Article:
Photo via Flickr user Michael W. May
My memories of the notorious sixties are not the free love and abandon of the sexual revolution but the incredible revival of the Catholic Church at Vatican II and the civil rights marches upending Jim Crow. In that decade we experienced finding a way where there is no way. The impossible can come to be.
The Second Vatican Council proved to be a crack that let the light of the modern world into the Church and let the Church loose in the world to do the work of justice and mercy. The most revolutionary document of Vatican II called the people of God to solidarity with the least among us—“the joys and hopes, the griefs and anguish of the people of this world especially the poor and afflicted, are the joys and hopes, the griefs and anguish of the people of God” (Gaudium et Spes, the Pastoral Constitution on the Church in the Modern World, #1).
Many Catholics have learned to put their faith into action and do the works of mercy and justice that Gaudium et Spes calls forth. Liberation theologies arose in Latin America and spread as ways to give voice to people at the base of society and work with them for justice. Pope Francis deliberately set the Jubilee Year of Mercy to begin December 8, the golden anniversary of Gaudium et Spes, which passed at the very end of the Council. Pope Francis wants Vatican II to live and evolve.
I hoped the Synod on the Family might turn out to be a mini-Vatican II. It met in October for three weeks after meeting for its first session in fall 2014. After the first session Pope Francis called for consultation and listening sessions with the people of God in dioceses throughout the world. Although the official consultation questions proved unusable, people found ways to communicate their insights and family issues to their bishops and Rome.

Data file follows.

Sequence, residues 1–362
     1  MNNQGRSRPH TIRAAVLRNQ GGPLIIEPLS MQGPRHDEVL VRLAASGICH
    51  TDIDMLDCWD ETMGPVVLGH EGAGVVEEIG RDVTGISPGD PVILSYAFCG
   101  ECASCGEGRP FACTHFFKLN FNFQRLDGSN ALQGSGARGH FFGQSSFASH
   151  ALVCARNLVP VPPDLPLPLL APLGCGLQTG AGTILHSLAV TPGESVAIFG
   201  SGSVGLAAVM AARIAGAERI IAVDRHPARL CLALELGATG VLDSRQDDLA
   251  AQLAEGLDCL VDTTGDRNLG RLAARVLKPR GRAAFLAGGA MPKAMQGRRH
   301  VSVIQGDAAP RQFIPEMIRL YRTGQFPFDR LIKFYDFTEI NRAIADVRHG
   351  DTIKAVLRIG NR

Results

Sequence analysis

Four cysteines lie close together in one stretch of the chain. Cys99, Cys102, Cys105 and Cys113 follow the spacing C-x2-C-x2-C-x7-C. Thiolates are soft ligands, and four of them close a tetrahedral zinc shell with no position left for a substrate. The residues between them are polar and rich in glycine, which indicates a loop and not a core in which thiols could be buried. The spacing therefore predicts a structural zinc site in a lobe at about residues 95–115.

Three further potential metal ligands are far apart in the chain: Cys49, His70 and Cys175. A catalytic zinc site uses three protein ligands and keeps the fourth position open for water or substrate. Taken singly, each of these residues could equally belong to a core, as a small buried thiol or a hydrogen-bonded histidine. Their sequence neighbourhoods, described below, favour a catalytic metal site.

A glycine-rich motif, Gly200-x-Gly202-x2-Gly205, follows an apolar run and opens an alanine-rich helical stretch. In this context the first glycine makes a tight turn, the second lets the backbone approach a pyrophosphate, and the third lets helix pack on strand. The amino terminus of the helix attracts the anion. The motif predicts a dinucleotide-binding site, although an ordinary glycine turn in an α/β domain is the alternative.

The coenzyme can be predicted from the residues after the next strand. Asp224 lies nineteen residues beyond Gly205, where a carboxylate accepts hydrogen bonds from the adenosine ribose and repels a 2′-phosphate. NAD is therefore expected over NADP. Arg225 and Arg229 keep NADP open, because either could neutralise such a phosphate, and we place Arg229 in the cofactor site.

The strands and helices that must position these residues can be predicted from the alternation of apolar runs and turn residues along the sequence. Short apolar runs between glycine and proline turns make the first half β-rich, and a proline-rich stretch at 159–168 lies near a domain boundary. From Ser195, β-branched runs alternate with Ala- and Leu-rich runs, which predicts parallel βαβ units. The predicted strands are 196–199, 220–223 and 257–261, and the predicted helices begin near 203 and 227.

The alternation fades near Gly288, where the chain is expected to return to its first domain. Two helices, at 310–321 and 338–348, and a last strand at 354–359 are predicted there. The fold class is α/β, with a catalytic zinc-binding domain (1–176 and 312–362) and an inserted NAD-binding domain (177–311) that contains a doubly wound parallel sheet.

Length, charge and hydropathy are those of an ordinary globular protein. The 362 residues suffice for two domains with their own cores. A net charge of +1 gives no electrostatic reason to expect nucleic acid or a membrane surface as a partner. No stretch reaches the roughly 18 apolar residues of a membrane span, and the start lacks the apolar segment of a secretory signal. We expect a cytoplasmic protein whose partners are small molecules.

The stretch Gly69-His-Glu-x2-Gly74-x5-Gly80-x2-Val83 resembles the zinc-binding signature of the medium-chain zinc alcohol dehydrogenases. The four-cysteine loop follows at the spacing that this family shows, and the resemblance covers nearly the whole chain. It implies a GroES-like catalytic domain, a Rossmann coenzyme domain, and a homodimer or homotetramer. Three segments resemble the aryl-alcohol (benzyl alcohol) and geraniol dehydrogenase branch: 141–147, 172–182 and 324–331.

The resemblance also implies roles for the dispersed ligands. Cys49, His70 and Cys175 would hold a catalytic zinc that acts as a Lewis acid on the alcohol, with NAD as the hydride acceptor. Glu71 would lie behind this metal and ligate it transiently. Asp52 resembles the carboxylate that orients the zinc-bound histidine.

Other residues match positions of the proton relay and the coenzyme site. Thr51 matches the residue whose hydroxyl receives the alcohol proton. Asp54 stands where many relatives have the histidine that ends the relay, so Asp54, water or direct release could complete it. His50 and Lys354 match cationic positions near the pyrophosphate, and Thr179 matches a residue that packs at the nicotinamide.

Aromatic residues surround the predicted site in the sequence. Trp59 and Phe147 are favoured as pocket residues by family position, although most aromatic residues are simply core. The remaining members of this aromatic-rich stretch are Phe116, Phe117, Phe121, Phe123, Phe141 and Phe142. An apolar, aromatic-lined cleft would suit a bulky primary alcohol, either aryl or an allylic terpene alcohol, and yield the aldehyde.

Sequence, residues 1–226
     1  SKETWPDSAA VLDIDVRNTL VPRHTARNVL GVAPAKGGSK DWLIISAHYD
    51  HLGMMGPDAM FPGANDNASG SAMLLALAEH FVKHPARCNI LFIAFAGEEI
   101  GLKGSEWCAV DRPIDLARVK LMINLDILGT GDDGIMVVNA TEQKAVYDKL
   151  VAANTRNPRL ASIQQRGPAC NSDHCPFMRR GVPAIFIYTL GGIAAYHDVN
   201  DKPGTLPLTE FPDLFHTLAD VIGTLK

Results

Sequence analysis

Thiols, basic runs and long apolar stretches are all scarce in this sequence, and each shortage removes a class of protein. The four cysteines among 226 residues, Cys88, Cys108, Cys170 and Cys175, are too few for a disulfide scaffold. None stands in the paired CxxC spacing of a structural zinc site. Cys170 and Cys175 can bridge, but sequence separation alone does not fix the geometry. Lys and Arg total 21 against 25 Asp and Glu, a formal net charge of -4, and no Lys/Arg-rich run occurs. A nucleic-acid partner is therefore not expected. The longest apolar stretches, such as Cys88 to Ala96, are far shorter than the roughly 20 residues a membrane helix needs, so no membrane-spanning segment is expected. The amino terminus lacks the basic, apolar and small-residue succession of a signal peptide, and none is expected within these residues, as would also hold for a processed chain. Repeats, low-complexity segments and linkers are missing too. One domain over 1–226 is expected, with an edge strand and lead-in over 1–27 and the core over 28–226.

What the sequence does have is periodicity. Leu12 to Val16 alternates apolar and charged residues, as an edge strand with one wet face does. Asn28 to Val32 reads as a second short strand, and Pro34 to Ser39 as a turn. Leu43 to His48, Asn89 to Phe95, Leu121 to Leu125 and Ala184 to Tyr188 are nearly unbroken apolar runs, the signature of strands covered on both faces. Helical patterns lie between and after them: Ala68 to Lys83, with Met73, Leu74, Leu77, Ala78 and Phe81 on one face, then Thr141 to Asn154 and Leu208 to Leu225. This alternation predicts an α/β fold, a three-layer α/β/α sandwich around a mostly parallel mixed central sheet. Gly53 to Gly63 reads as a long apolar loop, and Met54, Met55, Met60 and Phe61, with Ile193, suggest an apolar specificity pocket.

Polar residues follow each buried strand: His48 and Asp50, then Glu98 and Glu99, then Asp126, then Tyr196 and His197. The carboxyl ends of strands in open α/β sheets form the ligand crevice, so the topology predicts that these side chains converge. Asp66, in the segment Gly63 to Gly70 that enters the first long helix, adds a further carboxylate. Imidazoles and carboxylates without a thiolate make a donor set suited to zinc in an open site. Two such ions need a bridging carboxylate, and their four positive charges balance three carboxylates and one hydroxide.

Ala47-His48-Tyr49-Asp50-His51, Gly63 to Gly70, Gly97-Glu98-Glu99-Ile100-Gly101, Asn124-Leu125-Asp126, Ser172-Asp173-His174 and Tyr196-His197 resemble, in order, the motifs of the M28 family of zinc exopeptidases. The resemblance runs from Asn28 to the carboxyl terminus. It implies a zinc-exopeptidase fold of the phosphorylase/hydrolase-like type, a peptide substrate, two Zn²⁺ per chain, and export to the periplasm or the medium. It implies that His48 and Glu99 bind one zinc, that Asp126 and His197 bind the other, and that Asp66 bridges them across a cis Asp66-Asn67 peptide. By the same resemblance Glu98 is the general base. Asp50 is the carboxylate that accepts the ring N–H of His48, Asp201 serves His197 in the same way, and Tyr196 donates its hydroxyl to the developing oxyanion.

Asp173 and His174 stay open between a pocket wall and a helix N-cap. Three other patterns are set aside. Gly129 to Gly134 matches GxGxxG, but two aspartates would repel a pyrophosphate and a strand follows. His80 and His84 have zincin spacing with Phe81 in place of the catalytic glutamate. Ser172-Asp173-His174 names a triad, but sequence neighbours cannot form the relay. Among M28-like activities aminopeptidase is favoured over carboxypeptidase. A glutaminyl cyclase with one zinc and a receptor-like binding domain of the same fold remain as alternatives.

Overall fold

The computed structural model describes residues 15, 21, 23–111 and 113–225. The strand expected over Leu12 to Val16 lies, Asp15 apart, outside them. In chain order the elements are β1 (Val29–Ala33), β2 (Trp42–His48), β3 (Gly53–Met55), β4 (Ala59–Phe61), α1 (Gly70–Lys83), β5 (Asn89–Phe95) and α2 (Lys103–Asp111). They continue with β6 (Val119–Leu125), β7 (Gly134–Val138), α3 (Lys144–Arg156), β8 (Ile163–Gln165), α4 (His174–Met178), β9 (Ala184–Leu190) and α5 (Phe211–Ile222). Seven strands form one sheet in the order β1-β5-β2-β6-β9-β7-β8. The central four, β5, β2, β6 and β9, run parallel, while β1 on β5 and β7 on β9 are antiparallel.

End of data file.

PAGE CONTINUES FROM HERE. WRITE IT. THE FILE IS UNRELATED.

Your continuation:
At the synod Pope Francis called for bold and frank talk. He had bishops work in small groups to interact more. The heads of religious orders auditing the synod ceded three of their six seats to women, so their three minutes each are in the record.
The 270 bishops who gathered aren’t exactly family men. Some note they hear about family problems in hearing confessions. Perhaps some have carried the smell of the dirty diapers or a baby’s spit-up from helping out with nieces and nephews or friends’ children. Perhaps they have stood in for grandparents or aunts and uncles, corralled two year olds, lived their drama with adolescents, and scrounged rent when a boss cut back work hours. Perhaps they have paid the rent for a person at the backdoor of the parish house.
I hoped that 270 bishops would bless remarried couples. Pope Francis sped up annulments. The synod kept the door open by urging pastors to work with couples case by case and respect their consciences. I hoped the 270 bishops could hear the sensus fidelium on the issue of contraception and pronounce the time of death. The people of God have widely exercised their consciences on this issue. I hoped the 270 bishops could accept that moms and moms and dads and dads can love and commit to each other and raise children. But that would have been a surprise and – shock in some African countries where homosexuality is illegal.
Perhaps for a bishop it is hard to go forward without making past judgments seem fallible. But in an evolutionary cosmos God comes to us from the future, urging us to all we can become, not just from the past. The Holy Spirit has been at work in our world, making it new from the beginning. The gospel has been at work for 2000 years, teaching us to keep the two great commandments. We keep on.
These are the hopes of an educated white woman in North America. I’m not a widow in Kenya who wonders what will become of the ten AIDs orphans she has taken in, nor am I a dad carrying a child on his back on the walk from Syria to safety in Germany.
Many cannot imagine marriage or civil union between same sex couples. Since the seventies I have wondered why the Church and society doesn’t expect fidelity of same sex couples just as we do of men and women. This is happening now that GBLTQ relationships are more out and public. Partners I know reveal everyday they can love each other, their children, their parents, their friends. The word is out they can keep the two great commandments of Jesus in the gospels. We of the Church need to work at realigning moral law with biological science, Jesus’ gospel message, and people’s lives today.
“We discover the possible from the real.” Karl Rahner
Sister Joan Mitchell, CSJ